Dissecting an analyst report about cloud data warehouses

This blogpost discusses the latest Forrester report on cloud data warehouse systems and suppliers. Reports written by respected analysts such as Forrester always contain valuable information. Nevertheless it is advisable to read such an analyst report with a critical eye. Weighing individual dimensions is no exact science and results can sometimes change dramatically if you apply some common sense.

Forrester published a new report in Q1 2021 wherein they compare various “Cloud Data Warehouse” offerings. You can download the report hereA picture tells a thousand words so I immediately went to page 3 of the report to get a feeling about the findings.

Forrester summarises the supplier ranking in this matrix. Please download the original report using the included link above for more details.

My quick take was that Google was the best player with AWS & Microsoft as second best followed by Oracle and Snowflake. Seeing Oracle and Snowflake ranked similarly in data warehousing caused some cognitive dissonance in me; has Oracle transformed itself overnight / what did I miss? I therefore decided to dig into the details of the report. 

The chart uses two axes. The vertical axis represents the strength of the current offering and the horizontal one the strength of the strategy. The two axes carry equal weight; this is communicated visually by drawing concentric circles across the matrix.

If I look at this report with my CIO hat on, the two high level dimensions of key interest are: strength of the offering and TCO. The report provides no quantitative information regarding costs when comparing offerings and cost is not included in either of the two dimensions in the matrix. There is a third dimension which is market presence that is depicted by the size of each circle; this dimension also contains no information regarding TCO. 

Strategy (the horizontal axis) is a nebulous concept. When I cofounded a software startup in 2001, we were the best in the market in Strategy before we wrote a single line of code. You see I came from management consulting and powerpoint slides full of brilliant strategy, roadmaps and vision were oozing out of every orifice in my body. Sadly for me, it took us quite a few years to get a solid working platform. Strategy is easy compared to operations.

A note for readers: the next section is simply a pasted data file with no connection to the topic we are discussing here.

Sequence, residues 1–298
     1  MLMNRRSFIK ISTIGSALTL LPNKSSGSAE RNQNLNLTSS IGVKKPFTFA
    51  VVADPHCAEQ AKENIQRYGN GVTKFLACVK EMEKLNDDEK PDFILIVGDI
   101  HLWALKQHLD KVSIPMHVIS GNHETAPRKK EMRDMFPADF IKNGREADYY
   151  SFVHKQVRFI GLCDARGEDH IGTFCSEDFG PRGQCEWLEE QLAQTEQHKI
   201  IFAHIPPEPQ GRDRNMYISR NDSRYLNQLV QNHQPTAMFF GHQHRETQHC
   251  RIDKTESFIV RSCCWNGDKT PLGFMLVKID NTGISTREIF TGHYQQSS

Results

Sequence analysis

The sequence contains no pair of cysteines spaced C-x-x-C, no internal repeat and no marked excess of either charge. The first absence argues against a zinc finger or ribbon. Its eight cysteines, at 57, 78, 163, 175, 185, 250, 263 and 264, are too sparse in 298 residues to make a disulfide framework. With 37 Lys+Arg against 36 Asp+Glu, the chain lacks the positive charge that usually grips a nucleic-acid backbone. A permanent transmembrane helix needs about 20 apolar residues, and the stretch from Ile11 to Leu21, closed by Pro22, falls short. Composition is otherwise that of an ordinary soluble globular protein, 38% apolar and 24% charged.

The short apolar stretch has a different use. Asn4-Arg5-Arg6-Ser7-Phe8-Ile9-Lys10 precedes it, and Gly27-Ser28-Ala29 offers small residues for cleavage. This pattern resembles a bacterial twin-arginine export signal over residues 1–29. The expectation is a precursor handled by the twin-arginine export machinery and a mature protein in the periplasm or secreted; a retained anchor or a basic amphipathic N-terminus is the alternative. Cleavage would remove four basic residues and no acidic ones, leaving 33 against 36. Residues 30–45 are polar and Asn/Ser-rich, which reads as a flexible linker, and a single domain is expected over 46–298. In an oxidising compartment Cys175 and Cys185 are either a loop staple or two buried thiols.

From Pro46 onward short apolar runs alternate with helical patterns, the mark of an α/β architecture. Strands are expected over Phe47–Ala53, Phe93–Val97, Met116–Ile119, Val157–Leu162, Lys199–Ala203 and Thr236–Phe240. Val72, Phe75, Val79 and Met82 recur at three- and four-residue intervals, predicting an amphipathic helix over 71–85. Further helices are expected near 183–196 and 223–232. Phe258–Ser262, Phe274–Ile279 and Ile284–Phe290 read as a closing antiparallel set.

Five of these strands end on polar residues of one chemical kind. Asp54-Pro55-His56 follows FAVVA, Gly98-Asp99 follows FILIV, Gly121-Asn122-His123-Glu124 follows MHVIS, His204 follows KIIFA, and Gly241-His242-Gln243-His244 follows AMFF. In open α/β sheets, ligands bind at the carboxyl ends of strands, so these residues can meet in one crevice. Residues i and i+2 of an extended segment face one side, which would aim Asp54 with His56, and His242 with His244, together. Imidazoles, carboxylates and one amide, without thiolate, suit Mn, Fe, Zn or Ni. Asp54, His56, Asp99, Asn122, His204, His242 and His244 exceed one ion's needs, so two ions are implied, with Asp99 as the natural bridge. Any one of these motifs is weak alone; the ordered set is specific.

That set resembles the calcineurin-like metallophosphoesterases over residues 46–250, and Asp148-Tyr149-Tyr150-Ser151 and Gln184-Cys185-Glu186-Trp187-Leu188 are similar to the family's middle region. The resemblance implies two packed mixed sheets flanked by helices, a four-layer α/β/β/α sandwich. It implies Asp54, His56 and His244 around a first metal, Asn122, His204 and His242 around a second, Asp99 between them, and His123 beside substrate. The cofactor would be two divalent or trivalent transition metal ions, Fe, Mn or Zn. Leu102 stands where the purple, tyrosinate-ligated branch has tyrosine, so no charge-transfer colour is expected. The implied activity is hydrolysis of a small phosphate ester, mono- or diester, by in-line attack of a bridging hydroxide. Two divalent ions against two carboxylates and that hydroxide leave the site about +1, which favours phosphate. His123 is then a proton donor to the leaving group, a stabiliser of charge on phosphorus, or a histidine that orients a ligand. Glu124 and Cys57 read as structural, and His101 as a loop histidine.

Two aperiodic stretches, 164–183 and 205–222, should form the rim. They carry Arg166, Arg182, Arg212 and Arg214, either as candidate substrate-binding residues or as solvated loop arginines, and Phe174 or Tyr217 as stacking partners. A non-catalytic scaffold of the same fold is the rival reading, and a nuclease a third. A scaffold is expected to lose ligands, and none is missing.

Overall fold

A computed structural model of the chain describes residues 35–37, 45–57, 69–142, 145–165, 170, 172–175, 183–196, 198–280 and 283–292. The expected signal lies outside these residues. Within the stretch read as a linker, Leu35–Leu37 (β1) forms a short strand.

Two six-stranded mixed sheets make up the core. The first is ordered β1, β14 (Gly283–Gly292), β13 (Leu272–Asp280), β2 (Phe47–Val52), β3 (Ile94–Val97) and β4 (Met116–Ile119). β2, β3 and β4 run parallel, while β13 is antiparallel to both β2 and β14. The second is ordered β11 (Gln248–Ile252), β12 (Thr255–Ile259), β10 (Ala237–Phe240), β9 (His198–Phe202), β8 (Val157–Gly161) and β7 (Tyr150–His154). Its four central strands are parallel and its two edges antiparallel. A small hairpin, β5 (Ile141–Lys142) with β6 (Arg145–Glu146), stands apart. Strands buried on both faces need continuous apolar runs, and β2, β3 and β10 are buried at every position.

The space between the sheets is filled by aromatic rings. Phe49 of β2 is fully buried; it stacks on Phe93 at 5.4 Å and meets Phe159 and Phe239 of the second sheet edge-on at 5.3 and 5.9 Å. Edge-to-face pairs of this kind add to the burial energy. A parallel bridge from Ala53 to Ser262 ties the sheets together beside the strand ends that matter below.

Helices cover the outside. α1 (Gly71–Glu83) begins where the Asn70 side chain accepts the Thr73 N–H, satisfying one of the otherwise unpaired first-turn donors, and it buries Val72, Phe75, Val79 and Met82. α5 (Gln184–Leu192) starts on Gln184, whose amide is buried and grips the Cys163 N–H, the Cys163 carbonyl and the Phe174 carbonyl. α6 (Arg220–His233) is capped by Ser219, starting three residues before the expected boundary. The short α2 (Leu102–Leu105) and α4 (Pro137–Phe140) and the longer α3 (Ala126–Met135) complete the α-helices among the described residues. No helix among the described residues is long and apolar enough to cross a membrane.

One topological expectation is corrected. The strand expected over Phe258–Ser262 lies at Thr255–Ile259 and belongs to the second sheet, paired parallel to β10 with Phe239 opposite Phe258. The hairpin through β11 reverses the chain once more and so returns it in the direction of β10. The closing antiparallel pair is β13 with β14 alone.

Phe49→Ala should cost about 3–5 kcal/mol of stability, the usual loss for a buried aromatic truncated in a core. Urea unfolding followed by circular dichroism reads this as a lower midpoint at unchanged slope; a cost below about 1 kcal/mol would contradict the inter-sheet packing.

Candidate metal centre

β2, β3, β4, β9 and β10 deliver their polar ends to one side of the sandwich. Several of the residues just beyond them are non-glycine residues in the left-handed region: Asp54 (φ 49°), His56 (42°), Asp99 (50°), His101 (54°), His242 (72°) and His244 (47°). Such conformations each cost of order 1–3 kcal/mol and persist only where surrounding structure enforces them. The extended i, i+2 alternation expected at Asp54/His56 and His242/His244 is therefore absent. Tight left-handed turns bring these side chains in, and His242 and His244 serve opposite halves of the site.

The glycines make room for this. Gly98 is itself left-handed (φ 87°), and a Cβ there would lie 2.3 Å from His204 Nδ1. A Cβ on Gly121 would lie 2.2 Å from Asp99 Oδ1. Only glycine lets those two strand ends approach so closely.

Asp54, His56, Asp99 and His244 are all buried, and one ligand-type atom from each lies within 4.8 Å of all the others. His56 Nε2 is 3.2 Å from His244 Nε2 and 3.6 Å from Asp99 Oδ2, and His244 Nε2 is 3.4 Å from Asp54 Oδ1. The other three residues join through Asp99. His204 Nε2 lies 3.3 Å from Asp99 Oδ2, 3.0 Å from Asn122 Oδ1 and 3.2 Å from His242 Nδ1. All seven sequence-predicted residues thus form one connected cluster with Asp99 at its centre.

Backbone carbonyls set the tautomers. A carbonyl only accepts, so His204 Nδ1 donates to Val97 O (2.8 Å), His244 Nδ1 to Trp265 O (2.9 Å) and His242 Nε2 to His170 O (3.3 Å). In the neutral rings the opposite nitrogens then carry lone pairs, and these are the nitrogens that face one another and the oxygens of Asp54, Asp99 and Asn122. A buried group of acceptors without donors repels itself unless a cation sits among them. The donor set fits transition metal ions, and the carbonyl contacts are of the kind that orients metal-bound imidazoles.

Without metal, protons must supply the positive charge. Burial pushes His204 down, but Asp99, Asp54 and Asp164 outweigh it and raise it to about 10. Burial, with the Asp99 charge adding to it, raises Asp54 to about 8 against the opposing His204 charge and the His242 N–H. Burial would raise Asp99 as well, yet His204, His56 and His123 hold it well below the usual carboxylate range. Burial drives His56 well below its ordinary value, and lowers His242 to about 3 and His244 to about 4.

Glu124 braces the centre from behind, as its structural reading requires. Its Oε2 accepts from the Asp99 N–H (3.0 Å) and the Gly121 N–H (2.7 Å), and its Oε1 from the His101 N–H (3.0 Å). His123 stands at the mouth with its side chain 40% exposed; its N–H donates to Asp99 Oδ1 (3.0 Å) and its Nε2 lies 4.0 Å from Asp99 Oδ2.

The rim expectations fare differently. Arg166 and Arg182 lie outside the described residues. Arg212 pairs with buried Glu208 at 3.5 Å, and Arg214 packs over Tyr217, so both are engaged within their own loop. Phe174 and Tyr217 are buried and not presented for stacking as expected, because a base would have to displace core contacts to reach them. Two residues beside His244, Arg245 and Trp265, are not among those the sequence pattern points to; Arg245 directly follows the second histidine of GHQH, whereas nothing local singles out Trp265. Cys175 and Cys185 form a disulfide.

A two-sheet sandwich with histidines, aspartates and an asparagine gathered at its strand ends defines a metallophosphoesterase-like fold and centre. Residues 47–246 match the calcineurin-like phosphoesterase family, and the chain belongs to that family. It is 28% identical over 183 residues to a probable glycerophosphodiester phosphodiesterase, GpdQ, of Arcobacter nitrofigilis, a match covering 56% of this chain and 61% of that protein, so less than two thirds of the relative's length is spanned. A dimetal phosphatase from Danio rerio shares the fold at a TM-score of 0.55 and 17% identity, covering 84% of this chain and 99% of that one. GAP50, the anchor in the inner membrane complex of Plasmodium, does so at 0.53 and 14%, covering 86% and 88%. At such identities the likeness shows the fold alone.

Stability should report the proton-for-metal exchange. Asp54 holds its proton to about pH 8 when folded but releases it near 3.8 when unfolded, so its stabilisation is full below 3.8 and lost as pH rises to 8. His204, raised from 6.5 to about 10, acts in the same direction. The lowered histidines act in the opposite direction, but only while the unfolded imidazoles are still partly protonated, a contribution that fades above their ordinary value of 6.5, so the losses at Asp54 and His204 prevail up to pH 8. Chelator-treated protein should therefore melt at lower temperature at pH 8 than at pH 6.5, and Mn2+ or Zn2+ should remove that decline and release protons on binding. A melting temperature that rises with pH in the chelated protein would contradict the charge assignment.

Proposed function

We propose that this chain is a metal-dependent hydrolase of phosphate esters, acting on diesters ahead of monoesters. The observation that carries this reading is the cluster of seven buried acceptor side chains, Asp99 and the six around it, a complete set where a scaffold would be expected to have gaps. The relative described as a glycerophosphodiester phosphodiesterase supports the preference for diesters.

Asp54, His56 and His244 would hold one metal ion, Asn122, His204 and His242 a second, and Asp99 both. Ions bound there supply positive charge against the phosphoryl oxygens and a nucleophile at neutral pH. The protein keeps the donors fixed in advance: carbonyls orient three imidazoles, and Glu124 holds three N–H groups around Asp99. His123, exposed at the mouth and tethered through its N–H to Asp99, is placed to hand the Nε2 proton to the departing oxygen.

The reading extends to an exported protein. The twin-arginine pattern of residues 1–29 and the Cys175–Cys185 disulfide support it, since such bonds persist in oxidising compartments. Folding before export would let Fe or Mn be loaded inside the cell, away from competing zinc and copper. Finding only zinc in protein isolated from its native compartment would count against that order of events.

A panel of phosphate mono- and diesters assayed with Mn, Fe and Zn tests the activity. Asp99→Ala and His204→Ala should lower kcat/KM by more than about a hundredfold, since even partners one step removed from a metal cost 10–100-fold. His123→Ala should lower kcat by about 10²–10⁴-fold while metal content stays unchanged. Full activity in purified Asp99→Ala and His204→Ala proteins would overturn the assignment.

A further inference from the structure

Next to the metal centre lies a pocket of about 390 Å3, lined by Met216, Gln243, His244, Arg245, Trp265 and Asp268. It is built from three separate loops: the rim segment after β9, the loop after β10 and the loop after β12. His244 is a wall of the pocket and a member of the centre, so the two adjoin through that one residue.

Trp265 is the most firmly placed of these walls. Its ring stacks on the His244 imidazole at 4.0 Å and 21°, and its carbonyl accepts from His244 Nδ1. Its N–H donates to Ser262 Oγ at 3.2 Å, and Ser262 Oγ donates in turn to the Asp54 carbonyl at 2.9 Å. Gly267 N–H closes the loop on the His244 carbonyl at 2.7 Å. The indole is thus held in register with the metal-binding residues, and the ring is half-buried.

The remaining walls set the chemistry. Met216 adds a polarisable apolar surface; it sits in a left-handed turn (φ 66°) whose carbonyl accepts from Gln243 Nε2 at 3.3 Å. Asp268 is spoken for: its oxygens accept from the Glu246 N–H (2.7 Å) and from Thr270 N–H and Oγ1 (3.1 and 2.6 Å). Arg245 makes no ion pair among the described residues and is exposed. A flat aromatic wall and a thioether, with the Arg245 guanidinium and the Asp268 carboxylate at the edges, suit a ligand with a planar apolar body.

I have been a CIO for many years and out of experience with Microsoft offerings I must admit I am jaded with the company’s offerings. Its engineering is mediocre at best. A company with immense resources at its disposal is structurally unable to build well-functioning and performant sync software (OneDrive), a fast mail client (Outlook) or a highly available identity solution (AzureAD). Nevertheless analysts keep awarding them top marks in strategy.

Let me put it another way: if Snowflake and AWS receive higher marks than Microsoft for their current offerings but lower marks for strategy, how come and they have a stronger offering today? Were they lucky or have they just decided to slow down in the coming years?

My conclusion from this analysis is that the pertinent ranking information provided in the report is the vertical axis (strength of current offering). I would therefore summarise the ranking as follows:

AWS, Google and Snowflake being the strongest offerings with Microsoft sharing 6th place with Alibaba. I also suspect that once TCO figures are added, Microsoft and Oracle will fall further down the rankings.

Do you need any support in making sense of the current cloud offerings? Get in touch and sent us a message.

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